?Pes Planus? is the medical term for flat feet. It comes from Latin, Pes = foot and Planus = plain, level ground. Very few people suffer from this condition, as a true flat foot is very rare. Less
than 5% of the population has flat feet. The majority of the Australian population, however, has fallen arches (an estimated 60-70% of the population) known in the medical profession as ?excess
pronation? or over-pronation. Over-pronation means the foot and ankle tend to roll inwards and the arch collapses with weight-bearing. This is a quite a destructive position for the foot to function
in and may cause a wide variety of foot, leg and lower back conditions.
Flat feet don't automatically mean you have a problem. The problem can be divided into a flexible flat foot or rigid flat foot. The rigid flat foot is one that does not change shape when the foot
becomes weight bearing. i.e. it does not go through the excessive motion of pronation. Generally speaking this foot does not provide too many problems. The flexible flat foot is the type that when it
becomes weight bearing the foot and ankle tends to roll in (pronates) too far. This type of person will often say I have great arches but when I stand up much of this arch disappears as the foot
excessively pronates When the foot is excessively pronating and causing problems like sore ankles, feet or knees when standing or exercising then arch support is extremely important to restore the
If you overpronate, your symptoms may include discomfort in the arch and sole of foot, your foot may appear to turn outward at the ankle, your shoes wear down faster on the medial (inner) side of
your shoes. Pain in ankle, shins, knees, or hips, especially when walking or running are classic symptoms of overpronation. Overpronation can lead to additional problems with your feet, ankles, and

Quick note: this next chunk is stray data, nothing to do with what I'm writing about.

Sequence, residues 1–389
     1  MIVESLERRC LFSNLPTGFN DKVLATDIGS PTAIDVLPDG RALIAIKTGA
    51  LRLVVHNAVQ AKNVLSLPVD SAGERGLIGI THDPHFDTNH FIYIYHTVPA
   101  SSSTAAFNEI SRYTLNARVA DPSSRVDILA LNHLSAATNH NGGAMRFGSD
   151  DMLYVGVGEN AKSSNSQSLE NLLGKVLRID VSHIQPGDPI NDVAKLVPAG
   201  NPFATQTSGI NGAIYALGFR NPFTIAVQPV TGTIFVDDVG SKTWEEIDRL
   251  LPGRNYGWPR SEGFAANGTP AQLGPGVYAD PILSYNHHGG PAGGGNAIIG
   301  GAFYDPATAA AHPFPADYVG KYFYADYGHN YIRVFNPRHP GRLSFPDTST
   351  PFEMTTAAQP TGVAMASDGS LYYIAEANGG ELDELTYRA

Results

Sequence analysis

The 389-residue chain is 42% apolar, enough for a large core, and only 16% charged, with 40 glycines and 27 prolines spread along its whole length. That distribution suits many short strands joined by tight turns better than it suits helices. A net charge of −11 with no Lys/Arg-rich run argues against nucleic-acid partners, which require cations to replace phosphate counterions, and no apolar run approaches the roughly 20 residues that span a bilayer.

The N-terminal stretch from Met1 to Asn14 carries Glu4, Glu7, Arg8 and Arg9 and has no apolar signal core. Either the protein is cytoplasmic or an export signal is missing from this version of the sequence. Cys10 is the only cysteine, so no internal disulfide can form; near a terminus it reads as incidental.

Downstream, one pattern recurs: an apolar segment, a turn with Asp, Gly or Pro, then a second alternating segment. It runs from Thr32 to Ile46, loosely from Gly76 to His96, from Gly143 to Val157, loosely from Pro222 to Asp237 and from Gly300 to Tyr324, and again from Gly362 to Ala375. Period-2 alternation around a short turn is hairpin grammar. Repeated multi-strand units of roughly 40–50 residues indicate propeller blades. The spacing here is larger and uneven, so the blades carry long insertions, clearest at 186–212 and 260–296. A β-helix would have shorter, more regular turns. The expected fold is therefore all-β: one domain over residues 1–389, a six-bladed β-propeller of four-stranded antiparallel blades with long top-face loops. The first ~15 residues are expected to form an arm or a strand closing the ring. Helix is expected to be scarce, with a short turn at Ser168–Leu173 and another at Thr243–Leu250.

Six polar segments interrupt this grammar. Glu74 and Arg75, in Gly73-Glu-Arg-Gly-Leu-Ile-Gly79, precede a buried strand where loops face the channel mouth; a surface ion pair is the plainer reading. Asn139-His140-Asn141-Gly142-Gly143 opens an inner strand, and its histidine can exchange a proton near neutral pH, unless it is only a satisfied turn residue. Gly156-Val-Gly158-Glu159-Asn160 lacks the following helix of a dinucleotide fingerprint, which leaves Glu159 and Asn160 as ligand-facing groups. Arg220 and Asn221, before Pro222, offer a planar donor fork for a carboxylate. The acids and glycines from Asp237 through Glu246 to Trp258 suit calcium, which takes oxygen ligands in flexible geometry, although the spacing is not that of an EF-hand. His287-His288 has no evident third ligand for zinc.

knees. Runners in particular find that overpronation can lead to shin splints, tarsal tunnel syndrome, plantar fasciitis, compartment syndrome, achilles tendonitis, bunions or hallux valgus,
patello-femoral pain syndrome, heel spurs, metatarsalgia.
A quick way to see if you over-pronate is to look for these signs. While standing straight with bare feet on the floor, look so see if the inside of your arch or sole touches the floor. Take a look
at your hiking or running shoes; look for wear on the inside of the sole. Wet your feet and walk on a surface that will show the foot mark. If you have a neutral foot you should see your heel
connected to the ball of your foot by a mark roughly half of width of your sole. If you over-pronate you will see greater than half and up to the full width of your sole.
Non Surgical Treatment
Studies have shown that the most effective way to dexrease a high Q angle and lower the biomechanical stresses on the knee joint is to prevent excessive pronation with custom-maflexible orthotics.
One study found that using soft corrective orthotics was more effective in reduknee pain than a traditional exercise program. A more recent study showed that Q angle asymmetries, secondary to
excessive pronation affecting knee alignment, can be effectivecontrolled or corrected utilizing custom-made, flexible orthotics. Another project involving meof a running club determined that 75% of
those using orthotics eliminated or greatly reduced pain in the feet, ankles, shins, knees and hips
Stand with your heels together and feet turned out. Tighten the buttock muscles, slightly tilt your pelvis forwards and try to rotate your legs outwards. You should feel your
arches rising while you do this exercise.
Stand facing a wall and place hands on it for support. Lean forwards until stretch is felt in the calves. Hold for 30 seconds. Bend at knees and hold for a further 30 seconds.
Repeat 5 times.
While drawing your toes upwards towards your shins, roll a golf ball under the foot between 30 and 60 seconds. If you find a painful point, keep rolling the ball on that spot for 10
Big toe push:
Stand with your ankles in a neutral position (without rolling the foot inwards). Push down with your big toe but do not let the ankle roll inwards or the arch collapse. Hold for
5 seconds. Repeat 10 times. Build up to longer times and fewer repetitions.
Place a ball between your foot and a wall. Sitting down and keeping your toes pointed upwards, press the outside of the foot against the ball, as though pushing it into the
wall. Hold for 5 seconds and repeat 10 times.
Stand on one foot on the floor. The movements needed to remain balanced will strengthen the arch. When you are able to balance for 30 seconds, start doing this exercise
using a wobble board.